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Disclose Climate Change Even If It's Not Real

The funny business of government regulations.

I consider myself a semi-intelligent person. However, I've been reading and re-reading the press release from the Securities and Exchange Commission about plans to advise companies on making disclosures related to their carbon footprints . I expended a lot of my own personal greenhouse gases trying to figure the point.

"SEC Issues Interpretive Guidance on Disclosure Related to Business or Legal Developments Regarding Climate Change" reads the slick, easy-to-read title. The Commission voted along party lines to approve "interpretive guidance on existing SEC disclosure requirements as they apply to business or legal developments relating to the issue of climate change." Corporate America is going to have to start putting a dollar figure on how its helping or harming the weather.

Except the SEC isn't saying global warming is real.

"We are not opining on whether the world's climate is changing, at what pace it might be changing, or due to what causes," says SEC Chairman Mary Schapiro. "Nothing that the Commission does today should be construed as weighing in on those topics."

"Okay, so . . . what?" writes blogger Bill Singer . "I mean, what the hell was that all about?" ?

The SEC explains that its "interpretive guidance" will highlight examples "where climate change may trigger disclosure requirements".

These examples include:

"When assessing potential disclosure obligations, a company should consider whether the impact of certain existing laws and regulations regarding climate change is material. In certain circumstances, a company should also evaluate the potential impact of pending legislation and regulation related to this topic."

How do you figure that out?

What constitutes material?

If pending legislation doesn't have a snowball's chance in a sauna-like Antarctic of passing, do you have to still disclose its potential impact?

The Carbon Challenge - A CNBC Special Report - See Complete Coverage
The Carbon Challenge - A CNBC Special Report - See Complete Coverage

Another example: "Legal, technological, political and scientific developments regarding climate change may create new opportunities or risks for companies. For instance, a company may face decreased demand for goods that produce significant greenhouse gas emissions or increased demand for goods that result in lower emissions than competing products. As such, a company should consider, for disclosure purposes, the actual or potential indirect consequences it may face due to climate change related regulatory or business trends."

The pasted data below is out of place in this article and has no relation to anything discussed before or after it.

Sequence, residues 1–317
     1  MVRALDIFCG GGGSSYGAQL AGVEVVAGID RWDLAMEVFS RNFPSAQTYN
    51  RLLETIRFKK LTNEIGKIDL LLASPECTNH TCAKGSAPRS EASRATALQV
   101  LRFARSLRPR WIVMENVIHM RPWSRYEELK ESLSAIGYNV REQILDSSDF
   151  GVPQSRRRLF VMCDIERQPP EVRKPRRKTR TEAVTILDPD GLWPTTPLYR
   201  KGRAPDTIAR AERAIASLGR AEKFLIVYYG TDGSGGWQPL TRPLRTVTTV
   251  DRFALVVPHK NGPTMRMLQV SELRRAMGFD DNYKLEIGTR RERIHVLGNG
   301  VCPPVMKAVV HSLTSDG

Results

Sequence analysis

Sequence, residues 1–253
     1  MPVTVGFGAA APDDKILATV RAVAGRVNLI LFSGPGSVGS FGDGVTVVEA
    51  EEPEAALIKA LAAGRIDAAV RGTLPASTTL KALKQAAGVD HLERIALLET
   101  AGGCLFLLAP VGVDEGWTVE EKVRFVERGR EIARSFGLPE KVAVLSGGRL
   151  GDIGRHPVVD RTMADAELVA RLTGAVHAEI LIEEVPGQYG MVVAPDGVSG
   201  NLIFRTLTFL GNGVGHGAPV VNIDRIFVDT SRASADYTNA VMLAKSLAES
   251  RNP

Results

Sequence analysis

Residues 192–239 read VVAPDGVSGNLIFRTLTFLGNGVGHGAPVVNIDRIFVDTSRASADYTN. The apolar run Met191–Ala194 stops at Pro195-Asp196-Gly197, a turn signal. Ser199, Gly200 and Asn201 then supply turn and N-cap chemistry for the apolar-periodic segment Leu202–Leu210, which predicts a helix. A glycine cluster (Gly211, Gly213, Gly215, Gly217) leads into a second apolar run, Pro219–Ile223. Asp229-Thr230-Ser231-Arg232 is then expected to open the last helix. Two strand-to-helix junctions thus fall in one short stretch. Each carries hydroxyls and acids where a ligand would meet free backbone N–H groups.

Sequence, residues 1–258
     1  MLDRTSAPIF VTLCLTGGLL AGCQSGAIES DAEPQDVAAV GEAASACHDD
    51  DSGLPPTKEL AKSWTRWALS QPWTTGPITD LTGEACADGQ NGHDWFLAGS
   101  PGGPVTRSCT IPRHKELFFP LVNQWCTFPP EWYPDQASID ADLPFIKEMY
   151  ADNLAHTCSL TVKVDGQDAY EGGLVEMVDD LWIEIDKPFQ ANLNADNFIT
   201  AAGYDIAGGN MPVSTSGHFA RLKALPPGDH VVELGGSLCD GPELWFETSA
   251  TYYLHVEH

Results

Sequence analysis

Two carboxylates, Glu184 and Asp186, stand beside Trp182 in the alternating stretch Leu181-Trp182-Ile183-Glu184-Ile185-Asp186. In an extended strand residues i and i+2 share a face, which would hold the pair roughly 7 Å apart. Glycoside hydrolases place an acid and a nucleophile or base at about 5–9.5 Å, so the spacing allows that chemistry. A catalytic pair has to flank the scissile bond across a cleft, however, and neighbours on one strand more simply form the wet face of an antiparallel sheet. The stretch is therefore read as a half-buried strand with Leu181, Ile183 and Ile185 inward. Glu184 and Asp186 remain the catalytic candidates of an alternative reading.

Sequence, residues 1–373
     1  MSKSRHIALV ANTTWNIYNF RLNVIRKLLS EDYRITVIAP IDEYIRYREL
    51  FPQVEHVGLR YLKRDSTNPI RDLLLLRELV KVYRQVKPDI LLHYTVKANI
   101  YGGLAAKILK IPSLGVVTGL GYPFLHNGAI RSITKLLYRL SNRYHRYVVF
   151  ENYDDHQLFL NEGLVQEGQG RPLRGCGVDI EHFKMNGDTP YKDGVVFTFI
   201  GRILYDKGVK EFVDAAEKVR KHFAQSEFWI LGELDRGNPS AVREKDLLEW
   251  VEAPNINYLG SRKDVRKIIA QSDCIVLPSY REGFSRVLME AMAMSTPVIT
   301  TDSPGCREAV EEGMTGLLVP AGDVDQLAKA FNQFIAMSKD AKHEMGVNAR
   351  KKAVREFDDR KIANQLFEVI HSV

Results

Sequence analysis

Well, that oughtta cover it, thanks.

One more: the SEC suggests companies evaluate the possibility of disclosing "the actual and potential material impacts of environmental matters on their business." What constitutes an environmental matter? What's material? How potential does something have to be to merit disclosure?

I'll tell you one result of all this--more trees being killed as lawyers crank out mountains of paper.

The Wall Street Journal story on this today tried to provide a real world example . The SEC action could affect insurance companies. "The agency said insurers may want to consider disclosing whether severe weather or changes in sea levels might increase the risk of claims in coastal regions." But the SEC isn't saying whether the sea levels are rising, or whether any of this is real! However, the ensuing lawsuits will be real.

Blogger Bill Singer writes that Schapiro "underscores that the SEC won't opine as to the causes of the alleged climate change, which may or may not actually be occurring but at a speed that, well, you know, the SEC won't comment on. As if the silliness of the press release wasn't enough, we are then admonished that the SEC's non-opining should not be construed as weighing in on the topics on which it has no opinion...Geez, thanks to all those SEC geniuses for clearing this climate change issue up."

He even provides his own disclosure at the end of the blog. "BrokeAndBroker.com is not opining on whether the SEC's Interpretive Release is credible, at what pace the SEC's guidance should be implemented by companies, or whether there were valid climate change concerns prompting the publication of the release...Similarly, Bill Singer, Esq. will not opine on whether there is a Tooth Fairy, an Easter Bunny or Santa Claus, or whether such non-opined characters transport themselves from and to various locales, or whether there is a rational basis for believing or not believing in such characters. However, nothing herein should be construed as admitting or denying the existence of such characters..."

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  • Based in Los Angeles, Jane Wells is a CNBC business news reporter and also writes the Funny Business blog for CNBC.com.

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